NEW YORK – All October, pitchers straddling the mound 60 feet, 6 inches from
Not only has it worked, but in his first at-bat of Game 3 of the American League Championship Series on Monday night, Judge set a single-season record for postseason strikeouts – and the month wasn’t even halfway over. It was curious, then, that the
Finally, in his second at-bat of the night, he got it: 93 mph, high for most but right at his belt, inside but not so far he couldn’t whip around the head of his 35-inch, 33-ounce bat, the kind of pitch that can change a series. And not because the
“You can’t have all the good, come out here and hit a thousand, even though I want to,” Judge said. “It’s baseball, I’ve got to enjoy the good times and the bad times. That’s what I picked up and learned from my teammates. They’ve supported me through the good times and the bad times.”
To call the times bad understates his October thus far. The only surprise of it is that the Yankees have managed not to be sucked into his vacuum of production. Coming into Monday, Judge was 4 for 31 with 19 strikeouts – and two of those hits, including his only previous home run, came in the wild card game.
Teams haven’t just fed Judge a diet of breaking balls to neutralize him; it’s been more like gavage. Game 3 was only the second of nine games this postseason in which Judge saw more fastballs than breaking balls, and with 14 of the 20 pitches fastballs, it was by far the highest percentage. Coming into the game, Judge had faced 201 pitches in October, and 112 of them – or 55.7 percent – were breaking balls. During the regular season, of the 2,985 pitches
Scouts and analysts saw the same thing: Not only were Judge’s power numbers significantly worse against breaking balls – he hit just eight of his 52 regular-season home runs off curveballs and sliders – but he swung and missed twice as often. That number has spiked even higher in the playoffs. While Judge is whiffing on about one of every four swings he takes at a fastball, as he did during the regular season, his swing-and-miss percentage on breaking balls coming into Game 3 was 65.9 percent.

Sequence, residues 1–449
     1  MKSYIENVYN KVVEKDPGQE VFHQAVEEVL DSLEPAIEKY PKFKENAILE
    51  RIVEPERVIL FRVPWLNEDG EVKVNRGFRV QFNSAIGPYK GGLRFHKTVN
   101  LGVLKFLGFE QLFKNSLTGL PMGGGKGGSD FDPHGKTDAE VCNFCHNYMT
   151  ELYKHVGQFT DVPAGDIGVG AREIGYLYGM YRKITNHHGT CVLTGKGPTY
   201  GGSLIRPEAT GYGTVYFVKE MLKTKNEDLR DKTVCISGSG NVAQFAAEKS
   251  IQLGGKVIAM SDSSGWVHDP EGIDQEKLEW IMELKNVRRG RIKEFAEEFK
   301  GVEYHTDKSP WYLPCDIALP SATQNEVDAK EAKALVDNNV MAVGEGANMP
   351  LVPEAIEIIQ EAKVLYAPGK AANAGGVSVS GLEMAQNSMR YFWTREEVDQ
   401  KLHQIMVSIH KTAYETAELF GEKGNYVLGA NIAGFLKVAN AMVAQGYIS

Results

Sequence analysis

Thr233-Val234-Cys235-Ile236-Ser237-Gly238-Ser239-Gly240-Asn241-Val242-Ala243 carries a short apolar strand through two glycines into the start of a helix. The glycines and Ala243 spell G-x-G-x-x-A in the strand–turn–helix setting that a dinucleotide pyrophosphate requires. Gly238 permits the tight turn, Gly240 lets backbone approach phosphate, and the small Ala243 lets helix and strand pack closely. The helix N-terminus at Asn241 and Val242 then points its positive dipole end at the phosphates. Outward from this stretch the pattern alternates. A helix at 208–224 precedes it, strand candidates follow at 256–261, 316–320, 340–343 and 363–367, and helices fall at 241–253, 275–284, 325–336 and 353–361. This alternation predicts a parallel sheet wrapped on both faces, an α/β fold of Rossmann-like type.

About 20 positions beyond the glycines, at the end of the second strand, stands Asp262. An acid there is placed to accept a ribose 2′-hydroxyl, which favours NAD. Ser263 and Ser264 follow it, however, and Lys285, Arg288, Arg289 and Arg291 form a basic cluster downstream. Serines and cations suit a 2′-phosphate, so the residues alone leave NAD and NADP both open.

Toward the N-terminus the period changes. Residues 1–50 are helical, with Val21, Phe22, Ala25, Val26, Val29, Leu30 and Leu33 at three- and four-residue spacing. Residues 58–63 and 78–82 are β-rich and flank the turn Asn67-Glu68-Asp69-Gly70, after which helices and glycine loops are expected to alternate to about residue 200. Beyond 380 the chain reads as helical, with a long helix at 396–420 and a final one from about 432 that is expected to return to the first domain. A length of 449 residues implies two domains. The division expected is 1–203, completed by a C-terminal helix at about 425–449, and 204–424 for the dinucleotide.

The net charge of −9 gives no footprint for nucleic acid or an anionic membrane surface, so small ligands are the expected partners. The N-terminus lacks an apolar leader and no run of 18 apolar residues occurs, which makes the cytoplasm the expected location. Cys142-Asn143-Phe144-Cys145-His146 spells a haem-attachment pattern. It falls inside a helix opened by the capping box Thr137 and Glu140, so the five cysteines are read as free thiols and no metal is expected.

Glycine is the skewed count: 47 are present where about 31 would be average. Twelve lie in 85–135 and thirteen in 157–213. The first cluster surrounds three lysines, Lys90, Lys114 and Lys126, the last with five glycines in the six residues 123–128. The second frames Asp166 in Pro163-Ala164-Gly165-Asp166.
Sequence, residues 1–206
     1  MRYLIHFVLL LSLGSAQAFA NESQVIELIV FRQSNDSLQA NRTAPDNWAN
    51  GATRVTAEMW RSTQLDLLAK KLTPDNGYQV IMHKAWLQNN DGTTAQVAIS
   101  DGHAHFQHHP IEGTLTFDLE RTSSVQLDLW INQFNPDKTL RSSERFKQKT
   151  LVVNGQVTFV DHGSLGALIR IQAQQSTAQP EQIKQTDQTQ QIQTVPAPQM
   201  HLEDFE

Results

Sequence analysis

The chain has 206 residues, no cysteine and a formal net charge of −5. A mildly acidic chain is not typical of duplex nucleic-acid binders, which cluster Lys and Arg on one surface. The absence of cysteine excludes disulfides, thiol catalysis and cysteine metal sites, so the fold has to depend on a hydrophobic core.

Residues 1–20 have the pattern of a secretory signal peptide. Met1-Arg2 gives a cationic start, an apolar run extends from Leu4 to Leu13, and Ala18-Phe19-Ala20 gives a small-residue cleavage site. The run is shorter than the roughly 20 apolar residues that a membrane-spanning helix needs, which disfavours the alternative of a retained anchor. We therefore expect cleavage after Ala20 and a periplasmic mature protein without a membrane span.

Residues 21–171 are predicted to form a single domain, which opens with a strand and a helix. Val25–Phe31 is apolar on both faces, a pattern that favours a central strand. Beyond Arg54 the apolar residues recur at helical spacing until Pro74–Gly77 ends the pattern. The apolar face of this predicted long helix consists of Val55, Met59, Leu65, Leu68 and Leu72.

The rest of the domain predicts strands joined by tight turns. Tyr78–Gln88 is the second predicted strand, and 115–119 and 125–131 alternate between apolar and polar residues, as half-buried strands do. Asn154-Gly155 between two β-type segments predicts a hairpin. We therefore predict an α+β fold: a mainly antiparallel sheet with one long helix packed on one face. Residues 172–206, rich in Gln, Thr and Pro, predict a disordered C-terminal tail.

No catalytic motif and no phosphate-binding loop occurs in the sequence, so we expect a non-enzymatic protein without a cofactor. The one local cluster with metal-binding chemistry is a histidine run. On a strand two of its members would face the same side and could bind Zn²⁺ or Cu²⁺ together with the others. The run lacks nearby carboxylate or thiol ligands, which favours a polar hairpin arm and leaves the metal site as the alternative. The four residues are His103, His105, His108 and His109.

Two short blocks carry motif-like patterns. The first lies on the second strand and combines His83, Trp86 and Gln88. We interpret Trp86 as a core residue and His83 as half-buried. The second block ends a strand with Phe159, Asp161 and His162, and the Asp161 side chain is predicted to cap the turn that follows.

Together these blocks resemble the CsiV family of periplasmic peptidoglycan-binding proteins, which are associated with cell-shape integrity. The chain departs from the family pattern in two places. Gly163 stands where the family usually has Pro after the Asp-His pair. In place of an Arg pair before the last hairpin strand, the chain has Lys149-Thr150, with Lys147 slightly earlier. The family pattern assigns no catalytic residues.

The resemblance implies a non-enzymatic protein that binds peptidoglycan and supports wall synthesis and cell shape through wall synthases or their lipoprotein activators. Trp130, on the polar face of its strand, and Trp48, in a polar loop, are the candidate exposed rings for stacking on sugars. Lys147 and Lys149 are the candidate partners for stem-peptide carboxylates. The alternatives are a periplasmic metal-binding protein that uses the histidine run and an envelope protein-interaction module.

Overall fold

The home run pitch from Astros reliever
It has been reminiscent, in some ways, of the near-two-month period during which Judge, the runaway AL MVP favorite after the first half, went missing in action. From July 14 through Sept. 9, Judge hit .182/.346/.365. His surge toward the end of the season, in which he hit .367/.512/1.100 with 13 home runs and 27 RBIs in 84 plate appearances over 19 games, thrust him back into the MVP conversation with the Astros’ Jose Altuve. The Yankees can only hope Game 3 serves as a similar launch pad, because with a pair of games left against starters
“He just sees the big picture,” Yankees outfielder
One swing does not make an October.
Then again, in Game 3 the Astros faced a 37-year-old who has lost about 10 mph off his prime fastball, and he neutered an offense that now has scored five runs in three ALCS games. At 8:08 p.m. ET, the first synth beat of
He threw six shutout innings, the first 37-and-over pitcher to do so since Pedro Martinez for the Philadelphia Phillies in the 2009 NLCS. And helping him was Judge, who in the top of the fourth inning tracked a
“We have guys on this team,” said Yankees third baseman
“He’s a big guy,” Gardner said, “so the wall’s probably hurting, too.”
The wall shook it off. So did Judge. There was still greatness in him after all, after the struggles, after the trials and travails. It’s easy to forget he’s still a rookie because he’s 6-foot-7 and 282 pounds, because he’s so poised, because rookies aren’t supposed to have seasons like he had, aren’t supposed to bounce back from slumps even better than before. It’s what the 49,373 fans at Yankee Stadium for Game 3 so appreciated: The reminder that, yes, Judge is still here and still a force.
“Why would I come in the postseason and try to change something, even though I’m struggling for three or four games, five, six games?” Judge said. “It’s six games.”
Those three and four and five and six can turn into 10 or 20 or 30 easily enough, as Judge knows, and that’s the fear. Because there aren’t 10 or 20 or 30 games left to work through it. There is now. October is finite, and that’s what makes it so cruel, and that’s what makes it so exhilarating, and that’s what makes the fat gold ring with a mine’s worth of diamonds on it so prized. This is the month where the best are supposed to be at their best. For one night at least, Aaron Judge was, and he gave himself a break from the failure that can consume even the best.
Come Game 4 on Tuesday, he’s primed to see a different sort of break. One that will keep testing him until he proves he can beat it, too.
CC Sabathia leads the way with six scoreless innings, plus Aaron Judge clubs a three-run home run and makes two fantastic catches